Archive for Thursday, October 1, 2009

Area road projects to be considered for priority list

Traffic turns left onto Kansas Highway 7 off of the Kansas Turnpike ramp in Bonner Springs. The newly widened intersection could get a new revamping in the future, according to plans filed with area transportation agencies.

Traffic turns left onto Kansas Highway 7 off of the Kansas Turnpike ramp in Bonner Springs. The newly widened intersection could get a new revamping in the future, according to plans filed with area transportation agencies.

October 1, 2009

With both the Kansas Department of Transportation and the Mid-America Regional Council planning for the future of transportation in Kansas, area roads targeted for improvement may see some benefit.

Through the T-LINK Task Force, created in 2008 by former Gov. Kathleen Sebelius, KDOT has identified about 400 transportation projects for consideration. The T-LINK Task Force was a pilot program that offered a new way of identifying projects for construction work through getting feedback from jurisdictions and looking at the economic impact any one project would have on a community, instead of just relying on such factors as traffic data.

“(It’s) building on work that has been done in the past and redefining it for where we are in today’s current economic funding climate,” Kim Qualls, public affairs manager for KDOT, said of the program.

Qualls said out of those 400 identified projects, eight have received funding for study, and three of those are in the Kansas City Metro area: the Kansas Highway 7 and Interstate 70 interchange in Bonner Springs, the I-435, I-35 and K-10 interchange in Johnson County and the I-35 interchange addition in southwest Johnson County.

In October, Qualls said, KDOT will be conducting a series of local consult meetings throughout Kansas to help to narrow the list of 400 projects. As KDOT has just come off two 10-year federally-funded transportation programs, and there is no transportation program yet on the horizon, she stressed there was currently no construction funding for any of these projects. But, she said, the work being done now through the T-LINK Task Force was necessary for the future of transportation in Kansas.

“What we’re doing all of this for is in hopes of putting together something to present to help (the government) draft another transportation program,” Qualls said.

Working closely with KDOT on projects within its region will be MARC, through the Transportation Outlook 2040 campaign. MARC has also identified projects throughout the MARC region, comprised of seven counties and 120 cities, in need of future funding.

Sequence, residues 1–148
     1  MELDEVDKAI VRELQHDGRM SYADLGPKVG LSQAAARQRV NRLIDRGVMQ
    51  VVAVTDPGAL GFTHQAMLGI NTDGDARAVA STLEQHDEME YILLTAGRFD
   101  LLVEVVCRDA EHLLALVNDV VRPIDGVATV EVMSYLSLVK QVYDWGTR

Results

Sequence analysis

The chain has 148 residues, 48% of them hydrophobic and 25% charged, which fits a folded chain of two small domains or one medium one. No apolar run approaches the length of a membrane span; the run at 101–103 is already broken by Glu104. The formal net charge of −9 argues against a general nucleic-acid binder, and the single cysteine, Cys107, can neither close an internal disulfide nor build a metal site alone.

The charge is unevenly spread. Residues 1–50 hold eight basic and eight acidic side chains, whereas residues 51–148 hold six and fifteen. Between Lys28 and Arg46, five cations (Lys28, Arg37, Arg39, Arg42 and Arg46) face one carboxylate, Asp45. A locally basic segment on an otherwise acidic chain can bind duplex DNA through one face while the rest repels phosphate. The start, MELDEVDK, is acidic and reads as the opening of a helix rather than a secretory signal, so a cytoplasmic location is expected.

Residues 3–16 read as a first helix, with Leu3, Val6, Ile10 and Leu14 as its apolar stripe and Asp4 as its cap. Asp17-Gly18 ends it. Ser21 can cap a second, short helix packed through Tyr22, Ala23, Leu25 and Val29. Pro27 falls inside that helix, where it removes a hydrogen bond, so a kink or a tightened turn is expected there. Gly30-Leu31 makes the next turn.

“We’re not programming specific dollars,” said Tom Gerend, assistant director of transportation for MARC. “It’s identifying priorities and then looking at those priorities in the context of available resources.”

The program, still in the early development phases, has allowed jurisdictions in the region to nominate projects in need of funding. To date, these jurisdictions have nominated $18.4 billion worth of projects to be considered by MARC for its Transportation Outlook 2040 program, in the investment categories of roadway, transit, bicycle, pedestrian, other and multiple. Gerend said that, out of these nominations, a final list of narrowed down projects would be included in the final adopted plan, expected to be drafted by 2010.

Projects up for consideration in Bonner Springs include improvements to 118th Street, construction on 129th Street and improvements to Kansas Avenue. A project up for consideration in Edwardsville is work to be done on 110th Street/Edwardsville Drive.

Projects up for consideration in Leavenworth County include improvements to the Centennial Bridge on Kansas Highway 32, the Leavenworth County Regional Airport, McIntyre Expressway near Kansas Highway 5 and the Lansing bypass on Kansas Highway 7. Also listed is a project for a comprehensive non-motorized transportation system. This project proposes integration of biking and walking trails built throughout several cities in the county to comprise nearly 182 miles.

Gerend said projects ultimately would be determined through guidelines set forth by MARC, as well as through public input.

He said that, as with any KDOT projects, there is no funding now, but he expects the final list of projects to be completed by 2040.

“We expect the vast majority of them to be completed by 2040,” he said.

As the project develops further, more information will become available. For current information regarding the 2040 project, visit For information regarding T-LINK, visit or


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